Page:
From there, participants had the option to develop a second cookbook concept or to build upon their original idea with a marketing plan. The experiment showed that when people produce a highly novel, award-winning idea they are less likely to produce a follow-up idea, backing up their original archival findings.

A further experiment built upon the original and allowed the cookbook authors to also precisely pinpoint the psychological mechanisms at play. In the two experimental studies, the percentage of first-time producers who decided to develop a second idea, as opposed to exploiting the first idea, was 21 and 34, respectively, showing that creators can boost their chances by recognising their own scenario.

“Participants experienced a greater threat to their creative identity when producers of award-winning, novel work were confronted with the possibility of having to continue on their creative journey, by having to produce original work yet again,” said Deichmann.

It is, of course, highly unlikely that industry will do away with awards altogether, so how can we be sure that recognising an individual’s brilliance will not negatively impact upon their future endeavours? The researchers offered the following strategies for using awards in a way that better encourages creativity:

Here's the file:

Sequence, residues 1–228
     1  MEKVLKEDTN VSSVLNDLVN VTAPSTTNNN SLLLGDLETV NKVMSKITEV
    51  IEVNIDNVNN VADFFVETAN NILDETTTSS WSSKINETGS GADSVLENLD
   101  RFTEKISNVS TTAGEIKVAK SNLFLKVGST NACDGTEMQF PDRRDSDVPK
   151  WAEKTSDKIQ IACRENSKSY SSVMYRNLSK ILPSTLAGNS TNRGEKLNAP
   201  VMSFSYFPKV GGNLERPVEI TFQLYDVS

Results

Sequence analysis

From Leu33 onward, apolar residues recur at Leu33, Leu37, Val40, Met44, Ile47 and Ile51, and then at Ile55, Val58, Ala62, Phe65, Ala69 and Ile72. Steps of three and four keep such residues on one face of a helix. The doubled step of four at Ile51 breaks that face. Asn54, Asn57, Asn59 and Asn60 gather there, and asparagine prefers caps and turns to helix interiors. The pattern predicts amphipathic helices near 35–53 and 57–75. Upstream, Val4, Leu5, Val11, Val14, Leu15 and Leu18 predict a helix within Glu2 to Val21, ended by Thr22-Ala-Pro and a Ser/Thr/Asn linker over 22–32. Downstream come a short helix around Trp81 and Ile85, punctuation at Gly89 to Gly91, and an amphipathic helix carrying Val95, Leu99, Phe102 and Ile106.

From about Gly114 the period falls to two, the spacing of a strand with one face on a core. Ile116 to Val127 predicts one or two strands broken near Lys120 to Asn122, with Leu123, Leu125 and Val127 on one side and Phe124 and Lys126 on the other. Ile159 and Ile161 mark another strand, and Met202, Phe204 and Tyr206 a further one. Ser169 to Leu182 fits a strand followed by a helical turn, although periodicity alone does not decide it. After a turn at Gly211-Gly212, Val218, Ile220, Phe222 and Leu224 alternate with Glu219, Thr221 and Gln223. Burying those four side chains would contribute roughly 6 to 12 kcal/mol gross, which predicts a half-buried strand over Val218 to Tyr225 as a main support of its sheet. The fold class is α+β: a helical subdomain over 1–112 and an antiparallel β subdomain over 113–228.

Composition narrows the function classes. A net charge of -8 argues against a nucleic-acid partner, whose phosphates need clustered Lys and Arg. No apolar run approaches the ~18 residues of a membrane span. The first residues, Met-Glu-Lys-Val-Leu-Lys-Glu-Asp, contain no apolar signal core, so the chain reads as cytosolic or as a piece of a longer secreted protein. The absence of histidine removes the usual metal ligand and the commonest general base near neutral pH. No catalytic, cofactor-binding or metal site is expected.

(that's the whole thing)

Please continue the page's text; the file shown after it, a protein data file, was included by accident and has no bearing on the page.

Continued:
• Firstly, make sure that rewards and recognition are not only offered for the outcome of the creative process, but also for the process of developing the outcome – recognising the effort as well as the accomplishment
  • Reward both success and the ability to learn from failure.
  • Avoid glorifying individuals who have developed one creative success by offering an outsized reward for their work
  • Finally, If you want to glorify people, celebrate those who can produce creative work repeatedly.

Perhaps, as research has shown, it’s better that we make people feel comfortable and included, rather than isolating them by putting them on a pedestal before their careers have really begun.

It’s only then innovative talent can escape the tired cliche of being the ‘one hit wonder’.

By, James Dugdale